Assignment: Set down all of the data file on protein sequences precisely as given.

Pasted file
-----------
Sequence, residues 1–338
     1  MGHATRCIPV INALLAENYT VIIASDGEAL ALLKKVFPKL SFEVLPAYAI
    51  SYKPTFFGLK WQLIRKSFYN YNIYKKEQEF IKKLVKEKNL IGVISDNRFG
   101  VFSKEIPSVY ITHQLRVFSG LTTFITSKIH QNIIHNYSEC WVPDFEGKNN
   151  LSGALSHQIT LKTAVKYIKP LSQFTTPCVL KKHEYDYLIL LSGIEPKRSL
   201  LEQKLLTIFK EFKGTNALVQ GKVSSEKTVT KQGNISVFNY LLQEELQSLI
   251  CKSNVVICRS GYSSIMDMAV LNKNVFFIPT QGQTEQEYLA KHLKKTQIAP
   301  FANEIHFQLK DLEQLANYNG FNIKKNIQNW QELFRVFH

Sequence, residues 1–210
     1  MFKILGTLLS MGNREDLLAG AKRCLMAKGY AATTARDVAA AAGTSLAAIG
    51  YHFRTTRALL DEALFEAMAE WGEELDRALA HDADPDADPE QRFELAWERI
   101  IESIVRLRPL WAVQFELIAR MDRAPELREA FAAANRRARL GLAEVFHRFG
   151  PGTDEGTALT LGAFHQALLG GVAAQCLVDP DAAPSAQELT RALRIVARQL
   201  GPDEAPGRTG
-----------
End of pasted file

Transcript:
Sequence, residues 1–338
     1  MGHATRCIPV INALLAENYT VIIASDGEAL ALLKKVFPKL SFEVLPAYAI
    51  SYKPTFFGLK WQLIRKSFYN YNIYKKEQEF IKKLVKEKNL IGVISDNRFG
   101  VFSKEIPSVY ITHQLRVFSG LTTFITSKIH QNIIHNYSEC WVPDFEGKNN
   151  LSGALSHQIT LKTAVKYIKP LSQFTTPCVL KKHEYDYLIL LSGIEPKRSL
   201  LEQKLLTIFK EFKGTNALVQ GKVSSEKTVT KQGNISVFNY LLQEELQSLI
   251  CKSNVVICRS GYSSIMDMAV LNKNVFFIPT QGQTEQEYLA KHLKKTQIAP
   301  FANEIHFQLK DLEQLANYNG FNIKKNIQNW QELFRVFH

Sequence, residues 1–210
     1  MFKILGTLLS MGNREDLLAG AKRCLMAKGY AATTARDVAA AAGTSLAAIG
    51  YHFRTTRALL DEALFEAMAE WGEELDRALA HDADPDADPE QRFELAWERI
   101  IESIVRLRPL WAVQFELIAR MDRAPELREA FAAANRRARL GLAEVFHRFG
   151  PGTDEGTALT LGAFHQALLG GVAAQCLVDP DAAPSAQELT RALRIVARQL
   201  GPDEAPGRTG